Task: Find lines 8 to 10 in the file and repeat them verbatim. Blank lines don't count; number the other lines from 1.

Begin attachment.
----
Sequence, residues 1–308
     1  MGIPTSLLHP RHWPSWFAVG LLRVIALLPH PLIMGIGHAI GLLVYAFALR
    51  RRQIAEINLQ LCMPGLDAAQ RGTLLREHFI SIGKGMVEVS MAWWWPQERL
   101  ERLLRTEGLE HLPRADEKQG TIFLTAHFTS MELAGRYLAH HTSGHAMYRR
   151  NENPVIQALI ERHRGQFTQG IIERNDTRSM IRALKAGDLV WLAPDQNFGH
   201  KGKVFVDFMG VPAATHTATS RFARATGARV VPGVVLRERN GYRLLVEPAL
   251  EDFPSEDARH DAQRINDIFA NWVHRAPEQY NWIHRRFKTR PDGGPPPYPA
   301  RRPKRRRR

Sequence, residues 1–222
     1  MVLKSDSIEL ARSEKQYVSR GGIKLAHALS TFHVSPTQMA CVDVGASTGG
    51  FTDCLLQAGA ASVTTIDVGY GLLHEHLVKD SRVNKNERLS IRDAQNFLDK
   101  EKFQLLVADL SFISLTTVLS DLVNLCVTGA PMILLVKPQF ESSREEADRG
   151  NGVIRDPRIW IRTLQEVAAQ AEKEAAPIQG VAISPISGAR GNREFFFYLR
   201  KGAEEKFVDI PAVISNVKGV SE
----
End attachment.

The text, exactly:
   301  RRPKRRRR

Sequence, residues 1–222
     1  MVLKSDSIEL ARSEKQYVSR GGIKLAHALS TFHVSPTQMA CVDVGASTGG